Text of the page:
A crystallization-inducing layer 210 is deposited on the masking layer 208 (step S124), as shown in FIG. 7, contacting the silicon 206 where the masking layer 208 does not cover the silicon 206. In this embodiment the crystallization-inducing layer is nickel, although other metals or other substances may be used. The crystallization-inducing layer 210 can be deposited using a variety of techniques, including but not limited to evaporation, sputtering and solution coating.

The silicon is crystallized (step S126) by heat-treatment at a temperature between 350 C. to 600 C. Regions not covered by the masking layer 208 are vertically crystallized. Regions covered by the masking layer 208 are laterally crystallized. The laterally crystallized regions are able to act as an electrode. The patterning in the silicon layer therefore follows that of the masking layer as shown in FIG. 6. The masking layer and buffer need to withstand the process temperature used in this crystallization step. Thus, in this embodiment, they should be able to withstand a temperature of at least 350 C.

The above method which produces low temperature polycrystalline silicon (LTPS) is known as metal-induced lateral crystallization (MILC), although other processes can be used.

The crystallization-inducing layer 210 is removed, as is the masking layer 208 (step S128), leaving metal-induced lateral crystallization poly-silicon film regions with gaps therebetween. FIG. 8 is a schematic cross-section of the MILC poly-Si layer 212 being doped (step S130) with a resistance-reducing impurity 214 after removal of the masking layer previously covering the polycrystalline silicon 212. Doping can be accomplished using a variety of techniques, including but not limited to ion implantation or ion shower. The dopants are subsequently activated, for example in a furnace in the temperature range of 450 C. to 620 C., in a rapid thermal processes or laser-induced heating. Typical dopants are B+ or BF3 +, with a doping ratio of 1E15 cm−2-1E16 cm−2. Sheet resistance should be no more than 10 KΩ/square, generally be less than 1 KΩ/square, and is typically from 0.1-1 KΩ/square. The MILC poly-Si layer 212 can be used as an electrode, for example in an OLED display.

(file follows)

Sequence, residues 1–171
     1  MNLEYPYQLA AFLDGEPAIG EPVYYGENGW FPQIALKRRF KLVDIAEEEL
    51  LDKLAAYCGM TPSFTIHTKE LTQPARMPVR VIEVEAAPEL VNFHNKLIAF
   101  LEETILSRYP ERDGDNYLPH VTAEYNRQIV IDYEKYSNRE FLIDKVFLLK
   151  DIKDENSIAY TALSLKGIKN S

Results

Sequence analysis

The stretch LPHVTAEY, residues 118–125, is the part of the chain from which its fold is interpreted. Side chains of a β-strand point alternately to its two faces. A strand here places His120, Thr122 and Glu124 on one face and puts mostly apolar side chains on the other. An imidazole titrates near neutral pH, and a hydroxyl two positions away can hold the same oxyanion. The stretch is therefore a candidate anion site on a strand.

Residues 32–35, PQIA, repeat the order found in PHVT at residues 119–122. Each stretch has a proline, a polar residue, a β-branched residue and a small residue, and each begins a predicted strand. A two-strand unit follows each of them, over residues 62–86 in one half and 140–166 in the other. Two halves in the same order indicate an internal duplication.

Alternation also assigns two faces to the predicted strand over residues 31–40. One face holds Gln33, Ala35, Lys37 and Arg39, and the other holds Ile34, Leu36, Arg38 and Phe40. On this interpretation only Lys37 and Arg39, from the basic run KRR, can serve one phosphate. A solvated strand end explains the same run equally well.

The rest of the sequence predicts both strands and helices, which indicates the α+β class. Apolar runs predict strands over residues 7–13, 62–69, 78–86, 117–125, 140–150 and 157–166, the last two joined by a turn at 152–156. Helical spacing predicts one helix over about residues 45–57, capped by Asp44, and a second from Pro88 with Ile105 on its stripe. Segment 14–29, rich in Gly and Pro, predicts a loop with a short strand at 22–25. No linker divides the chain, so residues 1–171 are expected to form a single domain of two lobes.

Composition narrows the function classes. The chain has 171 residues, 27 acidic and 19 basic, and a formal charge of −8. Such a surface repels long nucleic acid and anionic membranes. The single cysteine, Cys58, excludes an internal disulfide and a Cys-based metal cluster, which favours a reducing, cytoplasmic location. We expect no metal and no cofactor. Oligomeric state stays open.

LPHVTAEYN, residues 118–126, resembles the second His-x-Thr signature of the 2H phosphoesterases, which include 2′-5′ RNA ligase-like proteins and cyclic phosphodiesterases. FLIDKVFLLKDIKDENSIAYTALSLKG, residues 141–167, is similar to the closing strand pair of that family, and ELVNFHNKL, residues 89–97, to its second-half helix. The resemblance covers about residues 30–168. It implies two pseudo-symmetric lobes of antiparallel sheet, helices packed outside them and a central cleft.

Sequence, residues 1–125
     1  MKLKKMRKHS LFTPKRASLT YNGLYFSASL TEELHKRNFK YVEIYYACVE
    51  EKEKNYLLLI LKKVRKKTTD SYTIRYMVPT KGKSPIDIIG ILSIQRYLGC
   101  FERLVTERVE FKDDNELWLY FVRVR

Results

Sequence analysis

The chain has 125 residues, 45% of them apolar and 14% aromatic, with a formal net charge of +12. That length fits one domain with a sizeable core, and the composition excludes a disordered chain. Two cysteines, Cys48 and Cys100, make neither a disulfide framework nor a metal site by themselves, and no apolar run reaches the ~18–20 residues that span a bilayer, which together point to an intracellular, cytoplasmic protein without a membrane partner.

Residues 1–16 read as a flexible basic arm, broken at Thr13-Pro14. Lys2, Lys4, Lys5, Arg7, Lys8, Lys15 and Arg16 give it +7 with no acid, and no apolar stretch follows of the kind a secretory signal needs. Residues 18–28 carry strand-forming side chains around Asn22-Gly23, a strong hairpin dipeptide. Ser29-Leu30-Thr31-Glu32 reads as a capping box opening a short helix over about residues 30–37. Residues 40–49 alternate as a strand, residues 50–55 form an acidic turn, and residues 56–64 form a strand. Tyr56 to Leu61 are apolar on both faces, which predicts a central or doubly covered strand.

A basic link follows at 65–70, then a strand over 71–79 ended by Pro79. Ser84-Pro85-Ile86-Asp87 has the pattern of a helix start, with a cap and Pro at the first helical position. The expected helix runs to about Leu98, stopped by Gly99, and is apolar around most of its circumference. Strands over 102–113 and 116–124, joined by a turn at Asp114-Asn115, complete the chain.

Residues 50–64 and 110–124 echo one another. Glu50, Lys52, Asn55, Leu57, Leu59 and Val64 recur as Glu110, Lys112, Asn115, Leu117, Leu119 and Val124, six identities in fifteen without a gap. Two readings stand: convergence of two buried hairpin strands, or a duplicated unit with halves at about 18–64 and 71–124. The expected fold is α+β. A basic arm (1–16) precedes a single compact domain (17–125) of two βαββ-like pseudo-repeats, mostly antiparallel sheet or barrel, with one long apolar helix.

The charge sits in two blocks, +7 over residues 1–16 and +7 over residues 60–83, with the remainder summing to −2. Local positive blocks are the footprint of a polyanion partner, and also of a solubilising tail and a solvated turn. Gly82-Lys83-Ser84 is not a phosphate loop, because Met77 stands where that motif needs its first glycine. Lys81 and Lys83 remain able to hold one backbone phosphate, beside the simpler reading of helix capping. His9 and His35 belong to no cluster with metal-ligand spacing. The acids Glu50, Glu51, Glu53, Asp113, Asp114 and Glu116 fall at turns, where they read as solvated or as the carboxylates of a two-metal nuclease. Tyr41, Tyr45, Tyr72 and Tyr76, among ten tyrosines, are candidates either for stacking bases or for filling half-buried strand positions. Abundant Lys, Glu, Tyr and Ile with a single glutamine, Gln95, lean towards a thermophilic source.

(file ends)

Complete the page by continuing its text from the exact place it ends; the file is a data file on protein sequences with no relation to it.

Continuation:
FIG. 9 is a schematic cross-section of an OLED cell 300 including an electrode patterned on the poly-Si that is formed according to the steps described above (although without the patterning in the poly-Si layer 212). This cell includes a substrate 202, buffer layer 204 and a bottom Poly-Si anode 212, which may be formed as described above with reference to FIGS. 3 to 8. An organic functional layer 316, for instance as described above, is formed on the Poly-Si anode 212 (step S106). A cathode 318, for instance as described above, is formed on the functional layer 316 (step S108). Such a display emits light through its base, in the direction of the arrow.

FIG. 10 is a schematic cross-section of a first example of an organic light emitting diode 400 of the present invention. This cell includes a substrate 202, buffer layer 204 and a bottom Poly-Si anode 212, which may be formed as described above with reference to FIGS. 3 to 8. An organic functional layer 416 is formed on the Poly-Si anode 212 (step S106). A cathode 418 is formed on the functional layer 416 (step S108). Such a display emits light through its base, in the direction of the arrow.

The organic functional layer 416 is made up of four layers: an m-MTDATA doped with F4-TCNQ layer 420 to function as a hole injection layer (HIL), an NPB layer 422 to function as a hole transport layer (HTL), an Alq3 doped with C545-T layer 424 to function as an emissive layer (EML) and an undoped Alq3 layer 426 to function as an electron transport layer (ETL). The thicknesses of these layers in this example are 400 angstroms, 100 angstroms, 300 angstroms and 200 angstroms, respectively. The doping ratios in the HIL and EML are 1% (by mole) and 2% (by weight), respectively.

The cathode 418 is a bi-layer, with a LiF layer 440, in this embodiment of the same width as the functional layers, below an Al layer 430, which is narrower. The thicknesses of these layers in this example are 10 angstroms and 1000 angstroms, respectively.